Though the WAC people cannot of course help us with our corruption problem, it can't do any harm to make them aware of it.

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author by Tara Tara Tarapublication date Fri Jul 11, 2008 14:16author address author phone Report this post to the editors

Why didnt Tarawatch follow the procedure? From what I have read, TW were the recognised stakeholders and submissions had to go throught them?

So, why did it take 5 non TW members of the public to walk in there and raise what should have been raised by ye?????

What if they hadnt been there to highlight the very relevant issues that would have been completely ignored otherwise?

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author by Tara Supporterpublication date Fri Jul 11, 2008 14:29author address author phone Report this post to the editors

Hopefully this will have an impact. It's bound to show up Deevy and co. I'm sure that when they dig a bit more(no pun intended) they'll find out what's really been going on. It's only the beginning.Good stuff lads!

author by Ainepublication date Fri Jul 11, 2008 15:15author address author phone Report this post to the editors

So, where do we go from here?
Are there more submissions to be made, to the WAC report?
Or do we wait and see what they have to say?
Will they be looking into Maggie's and Jo's claims? It seems that they are quite happy with the way things have been done so far. Still, it's great that they recommend the reinternment of the bones of our ancestors. I think we really need to fight for this. The Sacred Valley is scarred, but hopefully these spirits may yet be allowed to lie in peace.

author by Beware the watcherspublication date Fri Jul 11, 2008 16:56author address author phone Report this post to the editors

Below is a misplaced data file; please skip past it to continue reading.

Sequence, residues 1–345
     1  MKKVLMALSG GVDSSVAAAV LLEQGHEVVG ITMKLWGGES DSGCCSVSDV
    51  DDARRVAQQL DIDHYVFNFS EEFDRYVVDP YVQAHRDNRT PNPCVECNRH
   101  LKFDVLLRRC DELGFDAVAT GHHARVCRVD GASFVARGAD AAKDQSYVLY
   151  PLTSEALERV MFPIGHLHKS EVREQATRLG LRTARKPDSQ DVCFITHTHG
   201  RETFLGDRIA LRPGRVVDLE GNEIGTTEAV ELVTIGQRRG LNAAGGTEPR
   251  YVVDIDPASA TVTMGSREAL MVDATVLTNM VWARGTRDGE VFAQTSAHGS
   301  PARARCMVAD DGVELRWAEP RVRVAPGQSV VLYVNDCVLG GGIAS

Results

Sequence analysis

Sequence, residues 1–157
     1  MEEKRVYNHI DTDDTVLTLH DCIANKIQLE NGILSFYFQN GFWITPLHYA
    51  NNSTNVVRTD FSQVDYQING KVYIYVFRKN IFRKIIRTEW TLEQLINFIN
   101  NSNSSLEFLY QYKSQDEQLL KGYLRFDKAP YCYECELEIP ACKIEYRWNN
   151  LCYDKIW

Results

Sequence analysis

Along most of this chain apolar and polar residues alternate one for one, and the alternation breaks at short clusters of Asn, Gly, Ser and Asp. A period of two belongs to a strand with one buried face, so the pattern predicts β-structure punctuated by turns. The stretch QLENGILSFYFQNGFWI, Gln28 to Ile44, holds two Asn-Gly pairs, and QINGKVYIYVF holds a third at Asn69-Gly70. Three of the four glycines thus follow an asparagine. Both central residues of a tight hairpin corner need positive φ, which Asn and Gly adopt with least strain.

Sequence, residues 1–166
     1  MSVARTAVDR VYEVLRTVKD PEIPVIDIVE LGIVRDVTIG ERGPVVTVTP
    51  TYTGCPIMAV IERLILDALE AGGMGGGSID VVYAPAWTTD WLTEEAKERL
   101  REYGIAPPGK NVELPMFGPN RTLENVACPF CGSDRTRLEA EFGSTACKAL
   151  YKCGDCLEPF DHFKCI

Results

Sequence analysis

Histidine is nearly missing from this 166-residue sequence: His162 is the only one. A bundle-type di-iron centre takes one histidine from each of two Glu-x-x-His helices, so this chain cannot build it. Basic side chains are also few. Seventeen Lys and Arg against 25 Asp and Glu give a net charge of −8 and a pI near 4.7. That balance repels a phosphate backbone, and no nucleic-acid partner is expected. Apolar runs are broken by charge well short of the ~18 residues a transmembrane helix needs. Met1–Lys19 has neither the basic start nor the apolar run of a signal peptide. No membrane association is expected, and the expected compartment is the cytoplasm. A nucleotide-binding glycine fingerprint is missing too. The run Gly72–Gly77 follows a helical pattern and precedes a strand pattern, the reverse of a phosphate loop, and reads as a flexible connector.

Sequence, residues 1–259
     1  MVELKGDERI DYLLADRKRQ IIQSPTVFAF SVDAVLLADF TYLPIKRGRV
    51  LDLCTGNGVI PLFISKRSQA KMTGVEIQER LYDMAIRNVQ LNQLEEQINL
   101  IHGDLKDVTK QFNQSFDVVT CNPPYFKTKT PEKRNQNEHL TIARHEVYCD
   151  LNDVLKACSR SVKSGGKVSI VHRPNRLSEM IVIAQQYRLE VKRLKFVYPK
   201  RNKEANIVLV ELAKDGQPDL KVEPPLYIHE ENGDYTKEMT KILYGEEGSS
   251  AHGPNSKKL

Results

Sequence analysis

Emma > "There was no one from Tara Watch at the plenary session"

Disgracefull ! Unbrelieveable !

Tarawatch reply >"Well done to all who spoke at the Plenary, WAC probably wouldn't have touched it at all otherwise"

There you have it ,Tarawatch are a waste of cyberspace !

RIP Tarawatch you are ineffective

author by Beware the watcherspublication date Fri Jul 11, 2008 16:57author address author phone Report this post to the editors

Emma > "There was no one from Tara Watch at the plenary session"

Disgracefull ! Unbrelieveable !

Tarawatch reply >"Well done to all who spoke at the Plenary, WAC probably wouldn't have touched it at all otherwise"

There you have it ,Tarawatch are a waste of cyberspace !

author by TaraWatchpublication date Fri Jul 11, 2008 18:59author address author phone Report this post to the editors


11 July 2008

'Director of UNESCO World Heritage Centre Proposes Hill of Tara Round Table'

Mr Francesco Bandarin, Director of the World Heritage Centre of the United Nations Educational, Scientific and Cultural Organisation, (UNESCO) proposed yesterday that a workshop on the Hill of Tara cultural landscape would take place. He made the proposal in discussions with TaraWatch at the closing of the 32nd Session of the World Heritage Committee, in Quebec, Canada last night.